Charcoal Grill Safety - Grill Safety Practices for Charcoal BBQ & Smokers
Let’s face it. When you cook on a barbecue you are literally playing with fire – but in a very delicious way. Like any time you play with fire, you should ensure that you are doing so in the safest way possible. Charcoal grilling takes patience and thought especially when it comes to grill safety. When was the last time you reviewed grill safety practices for your charcoal grill and smoker?
BBQ Safety First
- Always read the manual of your charcoal grill or smoker before you start using it.
- Never use or install your charcoal grill indoors, on recreational vehicles, boats, enclosed porches, overhangs, or under combustible construction.
- When setting up and using your charcoal grill, remember to ensure that it is on a stable surface to prevent the unit from tipping over during use.
- Never leave your BBQ unattended after lighting the fire.
One of the most important things to remember when using a charcoal grill or smoker is proper clearance to combustibles. Our manuals recommend 5 feet on all sides (that’s 1.5 meters). This clearance is very important if you are operating your grill near vinyl siding and glass. It is also important not to use your charcoal grill or smoker on combustible surfaces like wooden and composite decks and porches. If you do not have an area to do that, placing a 24 x 24 patio stone or two underneath the unit is an excellent idea.
Lighting Your Flames
There are a couple of different types of charcoal that can be used to power your grill. Lump charcoal – chunks of wood that have been burned in a kiln to create something akin to pure carbon, and charcoal briquettes – uniform chunks of combustible material made from wood materials, binding agents, and accelerants. Lighting both come with their own rules that need to be exercised.
- Light lump or briquette charcoal with a chimney starter on a non-flammable surface like a stone patio.
- If using an electric starter, make sure that you do not use it in the rain or when standing on a wet surface, and that it is completely cooled on brick or another non-flammable surface before being put away.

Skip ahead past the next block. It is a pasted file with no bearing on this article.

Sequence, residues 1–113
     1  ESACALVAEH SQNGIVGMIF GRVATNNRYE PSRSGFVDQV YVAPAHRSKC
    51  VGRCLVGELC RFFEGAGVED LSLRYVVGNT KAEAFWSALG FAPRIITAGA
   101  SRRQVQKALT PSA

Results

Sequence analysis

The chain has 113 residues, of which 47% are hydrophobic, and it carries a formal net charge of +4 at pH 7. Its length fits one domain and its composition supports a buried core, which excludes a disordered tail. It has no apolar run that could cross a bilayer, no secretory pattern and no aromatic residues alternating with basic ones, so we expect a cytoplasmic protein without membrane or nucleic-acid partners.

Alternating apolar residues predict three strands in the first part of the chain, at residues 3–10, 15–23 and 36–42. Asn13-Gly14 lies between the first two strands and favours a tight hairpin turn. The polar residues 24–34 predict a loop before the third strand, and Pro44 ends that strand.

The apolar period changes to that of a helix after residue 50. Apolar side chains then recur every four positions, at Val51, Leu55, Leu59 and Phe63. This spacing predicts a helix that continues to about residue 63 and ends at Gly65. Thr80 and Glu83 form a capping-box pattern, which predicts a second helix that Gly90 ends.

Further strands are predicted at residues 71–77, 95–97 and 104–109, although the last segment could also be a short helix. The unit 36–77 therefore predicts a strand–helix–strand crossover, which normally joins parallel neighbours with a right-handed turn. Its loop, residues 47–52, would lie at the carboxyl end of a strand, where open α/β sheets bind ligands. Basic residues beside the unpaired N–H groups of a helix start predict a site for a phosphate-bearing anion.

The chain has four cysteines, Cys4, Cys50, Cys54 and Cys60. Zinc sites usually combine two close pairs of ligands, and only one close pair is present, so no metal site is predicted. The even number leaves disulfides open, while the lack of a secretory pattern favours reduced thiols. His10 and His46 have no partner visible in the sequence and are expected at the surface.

- If you choose to use a chemical accelerant to help light your charcoal please use extreme caution. Ensure that the lid is on and the accelerant is stored safely away from the BBQ and that children cannot reach it before you attempt to light the grill.
- When lighting charcoal, remember to tie long hair back and wear clothing that isn’t loose or flowing.
- Never touch charcoal if you are unsure if it is lit or hot, if you need to move charcoal in any way use tongs and protect your hands with heat resistant BBQ gloves. These should also be used to open and close the vents.
Only use charcoal starter fluid when using a chemical accelerant to light charcoal. Never use anything else like gasoline or kerosene. If using accelerant, remember to remove any that has not hit the coals, or hit the grill before attempting to light. Never add charcoal lighter fluid to already lit coals.
After The Meal
You’ve finished cooking the most delicious meal ever and you even used charcoal to do it. But now what? The BBQ is still hot and you want to eat.
- After cooking close the vents at the bottom and top of the charcoal grill. This restricts the oxygen flow and chokes the fire.
- Allow any unburned charcoal and hot ash to cool for at least 24 hours before disposing into a noncombustible container – like a stainless or aluminum bucket. Store this bucket away from other combustibles.
- Don’t forget to clean the ash catcher and grease collector every 1 to 2 grilling sessions to avoid grease fires.
Practicing safety when it comes to doing anything with fire is paramount; with the above practices put in place, you will definitely be as safe as you can be. Tell us, what is your favorite kind of charcoal to use – Lump or Briquette – and why. Leave a comment on our social pages like Grills Facebook and Instagram and use the hashtags #CharcoalBBQing and #NapoleonGrills with your answers.